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Clin Cancer Res. 2004 May 15;10(10):3396-400.

Analysis of aberrant DNA methylation and human papillomavirus DNA in cervicovaginal specimens to detect invasive cervical cancer and its precursors.

Author information

1
Department of Obstetrics and Gynecology, Innsbruck University Hospital, Innsbruck, Austria. martin.widschwendter@uibk.ac.at

Abstract

PURPOSE:

Cancer of the uterine cervix is an important cause of death in women worldwide. Pap smears as a tool for screening decreased the incidence and mortality of cervical cancer dramatically. This proof of principle study aimed to develop a potential tool for cervical screening using a test that can be applied by patients without visiting a physician and to increase the coverage rate, especially of the high-risk population with low socioeconomic status.

EXPERIMENTAL DESIGN:

Human papillomavirus (HPV) DNA testing and methylation analysis of DNA obtained from cervicovaginal specimens of 13, 31, and 11 patients with no dysplasia/low-grade squamous intraepithelial lesion (SIL), high-grade SIL, and invasive cervical cancer, respectively, collected on a tampon, was performed using PCR-based methods to detect invasive cervical cancer and study whether these changes are already present in the precursor lesions.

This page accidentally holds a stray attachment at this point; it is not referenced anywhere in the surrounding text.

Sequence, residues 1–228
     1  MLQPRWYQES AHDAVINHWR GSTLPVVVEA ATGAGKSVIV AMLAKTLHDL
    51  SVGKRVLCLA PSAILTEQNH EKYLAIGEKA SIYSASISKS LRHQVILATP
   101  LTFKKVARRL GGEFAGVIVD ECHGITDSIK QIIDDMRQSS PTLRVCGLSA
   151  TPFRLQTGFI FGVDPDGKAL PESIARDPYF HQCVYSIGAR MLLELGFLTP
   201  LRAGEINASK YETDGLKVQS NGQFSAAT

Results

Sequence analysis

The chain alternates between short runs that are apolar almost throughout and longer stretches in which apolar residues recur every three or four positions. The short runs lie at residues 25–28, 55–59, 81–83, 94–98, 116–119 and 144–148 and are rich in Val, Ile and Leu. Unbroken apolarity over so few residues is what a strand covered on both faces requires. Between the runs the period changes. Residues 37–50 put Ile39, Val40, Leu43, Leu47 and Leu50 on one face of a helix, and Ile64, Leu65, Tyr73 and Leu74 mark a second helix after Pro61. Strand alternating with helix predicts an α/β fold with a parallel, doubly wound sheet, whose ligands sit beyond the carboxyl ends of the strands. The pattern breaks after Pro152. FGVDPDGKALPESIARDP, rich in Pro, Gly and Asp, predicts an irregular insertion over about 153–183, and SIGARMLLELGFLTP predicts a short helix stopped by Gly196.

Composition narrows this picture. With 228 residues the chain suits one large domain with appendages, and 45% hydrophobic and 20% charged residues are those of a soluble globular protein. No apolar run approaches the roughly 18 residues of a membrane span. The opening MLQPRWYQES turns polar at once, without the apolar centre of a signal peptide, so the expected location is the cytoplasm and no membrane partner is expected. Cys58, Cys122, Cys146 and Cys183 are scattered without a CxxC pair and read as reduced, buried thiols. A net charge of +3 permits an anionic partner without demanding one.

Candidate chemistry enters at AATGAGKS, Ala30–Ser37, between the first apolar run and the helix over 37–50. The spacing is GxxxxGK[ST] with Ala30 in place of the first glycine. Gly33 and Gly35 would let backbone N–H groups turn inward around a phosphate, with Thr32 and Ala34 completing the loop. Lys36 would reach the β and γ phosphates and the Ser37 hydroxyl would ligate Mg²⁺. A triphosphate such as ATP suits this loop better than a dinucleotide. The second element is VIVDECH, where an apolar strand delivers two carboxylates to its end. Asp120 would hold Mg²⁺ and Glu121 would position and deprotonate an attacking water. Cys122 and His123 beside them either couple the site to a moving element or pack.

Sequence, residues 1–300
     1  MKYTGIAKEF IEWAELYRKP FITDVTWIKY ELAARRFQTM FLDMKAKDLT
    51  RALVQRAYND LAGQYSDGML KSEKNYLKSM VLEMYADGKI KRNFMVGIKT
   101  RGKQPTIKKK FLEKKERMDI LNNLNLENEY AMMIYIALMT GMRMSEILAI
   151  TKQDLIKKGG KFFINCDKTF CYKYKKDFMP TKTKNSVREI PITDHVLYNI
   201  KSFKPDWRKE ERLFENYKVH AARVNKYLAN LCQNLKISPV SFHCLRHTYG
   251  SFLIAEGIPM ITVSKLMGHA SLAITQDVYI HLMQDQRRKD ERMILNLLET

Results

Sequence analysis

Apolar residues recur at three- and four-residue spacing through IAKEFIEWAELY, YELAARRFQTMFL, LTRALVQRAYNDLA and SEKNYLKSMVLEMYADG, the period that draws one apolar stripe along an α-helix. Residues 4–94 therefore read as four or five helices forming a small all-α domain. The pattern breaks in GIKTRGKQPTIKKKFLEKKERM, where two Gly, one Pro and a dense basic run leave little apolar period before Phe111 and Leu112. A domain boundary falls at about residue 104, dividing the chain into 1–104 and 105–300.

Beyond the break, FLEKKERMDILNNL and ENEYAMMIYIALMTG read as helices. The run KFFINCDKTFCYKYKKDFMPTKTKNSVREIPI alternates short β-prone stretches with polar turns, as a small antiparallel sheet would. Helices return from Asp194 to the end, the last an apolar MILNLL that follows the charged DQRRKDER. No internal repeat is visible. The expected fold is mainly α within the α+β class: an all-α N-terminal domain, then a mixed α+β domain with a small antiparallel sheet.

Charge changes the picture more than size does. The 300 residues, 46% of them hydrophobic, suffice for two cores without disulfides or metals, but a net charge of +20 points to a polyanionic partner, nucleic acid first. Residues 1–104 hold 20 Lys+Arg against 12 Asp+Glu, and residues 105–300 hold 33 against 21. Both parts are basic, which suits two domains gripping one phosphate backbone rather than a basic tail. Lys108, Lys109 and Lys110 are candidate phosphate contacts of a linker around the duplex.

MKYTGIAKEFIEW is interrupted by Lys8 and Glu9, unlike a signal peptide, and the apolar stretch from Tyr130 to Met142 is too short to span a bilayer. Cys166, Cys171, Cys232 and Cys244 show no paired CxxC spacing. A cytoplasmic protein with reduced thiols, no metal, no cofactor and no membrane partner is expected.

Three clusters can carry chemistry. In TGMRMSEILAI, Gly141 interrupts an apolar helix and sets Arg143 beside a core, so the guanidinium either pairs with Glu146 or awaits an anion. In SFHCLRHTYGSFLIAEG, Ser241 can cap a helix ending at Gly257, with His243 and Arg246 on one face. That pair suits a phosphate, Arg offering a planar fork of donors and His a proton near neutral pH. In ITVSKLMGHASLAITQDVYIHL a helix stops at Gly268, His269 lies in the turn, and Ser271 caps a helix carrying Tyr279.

RESULTS:

High-risk HPV DNA was present in 68 and 82% of patients with high-grade SIL and invasive cervical cancer. DNA methylation of the 11 genes tested increased with severity of the cervical lesion. Unsupervised hierarchical cluster analysis using solely information on DNA methylation of the 11 genes was able to predict the presence of invasive cervical cancers: one of the two clusters formed contained 9 of 11 invasive cervical cancers, as well as two high-grade SILs.

CONCLUSIONS:

HPV DNA and DNA methylation analyzed in cervicovaginal specimens are able to predict invasive cervical cancers. To detect all high-grade SILs when applying this test, genes that become methylated earlier throughout cervical carcinogenesis have to be defined.

PMID:
15161694
DOI:
10.1158/1078-0432.CCR-03-0143
[Indexed for MEDLINE]
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